Norman Cousins: Anatomy Of An Illness
Norman Cousins (born June 24, 1915, died November 30, 1990) author of “Norman Cousins Anatomy Of An Illness” was a longtime editor of the Saturday Review, global peacemaker, receiver of hundreds of awards including the UN Peace Medal and nearly 50 honorary doctorate degrees.
In 1964 following a very stressful trip to Russia, he was diagnosed with ankylosing spondylitis (a degenerative disease causing the breakdown of collagen), which left him in almost constant pain and motivated his doctor to say he would die within a few months.
However, Cousins reasoned that if stress had somehow contributed to his illness, then positive emotions could play a role in reversing his disease.
With his doctors’ consent, he checked himself out of the hospital and into a hotel across the street and began taking extremely high doses of vitamin C while exposing himself to a continuous stream of humorous films and similar “laughing matter”.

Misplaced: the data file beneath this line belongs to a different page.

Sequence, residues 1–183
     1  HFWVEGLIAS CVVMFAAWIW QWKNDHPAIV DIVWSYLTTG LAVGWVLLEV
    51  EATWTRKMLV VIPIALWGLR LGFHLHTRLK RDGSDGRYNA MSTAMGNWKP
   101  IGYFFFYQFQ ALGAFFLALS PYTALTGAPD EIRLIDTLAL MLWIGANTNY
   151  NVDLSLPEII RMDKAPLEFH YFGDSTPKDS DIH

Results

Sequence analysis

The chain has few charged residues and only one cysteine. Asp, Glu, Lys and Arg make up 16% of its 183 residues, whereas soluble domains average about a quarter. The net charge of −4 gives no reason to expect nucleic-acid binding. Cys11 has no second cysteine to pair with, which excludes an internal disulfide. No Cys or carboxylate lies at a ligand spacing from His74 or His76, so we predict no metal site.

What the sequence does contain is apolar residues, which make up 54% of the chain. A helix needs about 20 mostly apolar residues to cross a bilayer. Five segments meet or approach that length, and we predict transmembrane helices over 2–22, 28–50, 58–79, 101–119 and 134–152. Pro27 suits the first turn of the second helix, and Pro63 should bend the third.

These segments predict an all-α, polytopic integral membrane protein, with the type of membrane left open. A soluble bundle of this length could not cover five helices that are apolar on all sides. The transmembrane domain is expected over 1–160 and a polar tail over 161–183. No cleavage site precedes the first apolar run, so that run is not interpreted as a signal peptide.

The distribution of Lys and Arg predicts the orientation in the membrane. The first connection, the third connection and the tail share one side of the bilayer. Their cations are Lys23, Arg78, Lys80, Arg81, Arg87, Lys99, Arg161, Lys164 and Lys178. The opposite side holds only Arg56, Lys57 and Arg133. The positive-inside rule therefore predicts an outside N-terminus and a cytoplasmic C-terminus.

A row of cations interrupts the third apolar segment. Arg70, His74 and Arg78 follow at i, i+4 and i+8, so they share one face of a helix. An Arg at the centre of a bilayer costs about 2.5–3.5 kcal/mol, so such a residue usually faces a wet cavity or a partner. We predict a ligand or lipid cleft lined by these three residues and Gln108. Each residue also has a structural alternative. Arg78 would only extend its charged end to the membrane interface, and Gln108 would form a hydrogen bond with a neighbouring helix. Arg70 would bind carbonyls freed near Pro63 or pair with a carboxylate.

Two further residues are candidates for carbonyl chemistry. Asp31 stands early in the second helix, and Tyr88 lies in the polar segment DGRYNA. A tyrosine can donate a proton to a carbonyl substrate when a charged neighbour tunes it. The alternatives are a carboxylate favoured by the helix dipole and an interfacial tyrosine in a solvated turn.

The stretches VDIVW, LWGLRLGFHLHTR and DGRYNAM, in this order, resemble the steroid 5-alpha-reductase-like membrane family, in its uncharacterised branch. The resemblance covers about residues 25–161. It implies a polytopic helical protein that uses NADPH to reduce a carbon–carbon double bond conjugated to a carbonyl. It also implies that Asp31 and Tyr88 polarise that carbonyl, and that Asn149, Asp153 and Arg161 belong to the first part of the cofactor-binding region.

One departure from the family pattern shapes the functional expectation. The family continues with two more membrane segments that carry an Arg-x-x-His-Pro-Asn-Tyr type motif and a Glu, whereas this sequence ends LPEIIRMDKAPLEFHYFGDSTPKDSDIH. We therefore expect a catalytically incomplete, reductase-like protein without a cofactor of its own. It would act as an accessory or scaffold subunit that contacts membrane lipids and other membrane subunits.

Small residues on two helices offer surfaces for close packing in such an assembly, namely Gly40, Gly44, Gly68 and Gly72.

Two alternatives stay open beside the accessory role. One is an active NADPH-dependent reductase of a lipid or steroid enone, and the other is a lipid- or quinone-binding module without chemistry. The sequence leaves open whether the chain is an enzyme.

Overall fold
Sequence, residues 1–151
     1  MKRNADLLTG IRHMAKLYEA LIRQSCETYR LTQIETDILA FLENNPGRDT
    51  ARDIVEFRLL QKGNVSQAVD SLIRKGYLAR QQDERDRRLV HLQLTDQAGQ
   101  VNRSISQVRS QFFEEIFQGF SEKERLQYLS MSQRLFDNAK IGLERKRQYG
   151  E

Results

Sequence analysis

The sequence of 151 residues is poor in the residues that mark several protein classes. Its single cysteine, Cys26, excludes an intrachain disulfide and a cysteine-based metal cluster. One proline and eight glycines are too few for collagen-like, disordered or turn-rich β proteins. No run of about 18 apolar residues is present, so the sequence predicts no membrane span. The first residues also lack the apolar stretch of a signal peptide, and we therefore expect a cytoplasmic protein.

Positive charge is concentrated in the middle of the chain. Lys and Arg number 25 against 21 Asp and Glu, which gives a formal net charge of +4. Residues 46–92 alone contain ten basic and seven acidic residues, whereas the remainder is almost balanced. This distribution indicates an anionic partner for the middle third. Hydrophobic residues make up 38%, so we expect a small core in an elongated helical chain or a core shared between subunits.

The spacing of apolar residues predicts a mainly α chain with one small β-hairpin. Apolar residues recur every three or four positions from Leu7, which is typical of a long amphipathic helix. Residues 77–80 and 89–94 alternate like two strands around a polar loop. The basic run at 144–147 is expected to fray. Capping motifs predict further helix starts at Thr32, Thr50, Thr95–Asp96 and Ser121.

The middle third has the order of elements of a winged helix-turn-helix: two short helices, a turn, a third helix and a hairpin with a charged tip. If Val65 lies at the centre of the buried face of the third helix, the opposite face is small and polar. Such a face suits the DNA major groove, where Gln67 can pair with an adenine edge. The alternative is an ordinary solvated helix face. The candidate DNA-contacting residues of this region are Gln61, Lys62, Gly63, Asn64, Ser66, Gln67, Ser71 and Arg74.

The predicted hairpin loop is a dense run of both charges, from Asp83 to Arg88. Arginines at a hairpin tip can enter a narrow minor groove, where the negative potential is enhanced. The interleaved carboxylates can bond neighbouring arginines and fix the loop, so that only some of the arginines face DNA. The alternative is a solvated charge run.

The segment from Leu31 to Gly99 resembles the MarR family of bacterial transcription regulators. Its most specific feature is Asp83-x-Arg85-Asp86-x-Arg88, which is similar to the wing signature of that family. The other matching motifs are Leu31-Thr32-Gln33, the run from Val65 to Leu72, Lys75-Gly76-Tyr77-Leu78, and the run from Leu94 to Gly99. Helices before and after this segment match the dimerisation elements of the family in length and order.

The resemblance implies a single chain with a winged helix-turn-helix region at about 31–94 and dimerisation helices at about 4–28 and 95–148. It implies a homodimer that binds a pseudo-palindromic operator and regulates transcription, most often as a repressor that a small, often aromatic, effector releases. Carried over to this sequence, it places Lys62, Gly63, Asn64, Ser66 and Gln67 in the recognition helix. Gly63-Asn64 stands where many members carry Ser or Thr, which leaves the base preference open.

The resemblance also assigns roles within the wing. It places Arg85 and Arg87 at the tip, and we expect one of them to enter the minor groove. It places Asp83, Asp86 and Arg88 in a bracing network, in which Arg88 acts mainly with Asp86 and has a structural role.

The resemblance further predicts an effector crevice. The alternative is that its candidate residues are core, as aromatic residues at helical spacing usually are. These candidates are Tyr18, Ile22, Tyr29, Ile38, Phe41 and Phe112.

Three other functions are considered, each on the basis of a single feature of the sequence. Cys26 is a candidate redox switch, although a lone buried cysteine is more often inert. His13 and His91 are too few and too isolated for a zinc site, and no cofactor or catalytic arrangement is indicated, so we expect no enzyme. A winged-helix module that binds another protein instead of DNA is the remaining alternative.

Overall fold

He later claimed that 10 minutes of belly rippling laughter would give him two hours of pain-free sleep, when nothing else, not even morphine could help him!
His condition steadily improved and he slowly regained the use of his limbs.
Within six months he was back on his feet, and within two years he was able to return to his full-time job at the Saturday Review.
His story baffled the scientific community and inspired a number of research projects.
Click here to read the essence of his message in the transcription of a radio interview he gave in 1983 on the impact of positive emotions on health.
His 1979 book An Anatomy Of An Illness is a classic.
The ancient yogic perspective on health and healing is exactly the same – that illness is simply the absence of health, not a ‘thing’ in and of itself. The true cause of illness is energetic, not ‘physical’ – and it is there that we must return if we truly wish to heal as individuals and as a collective.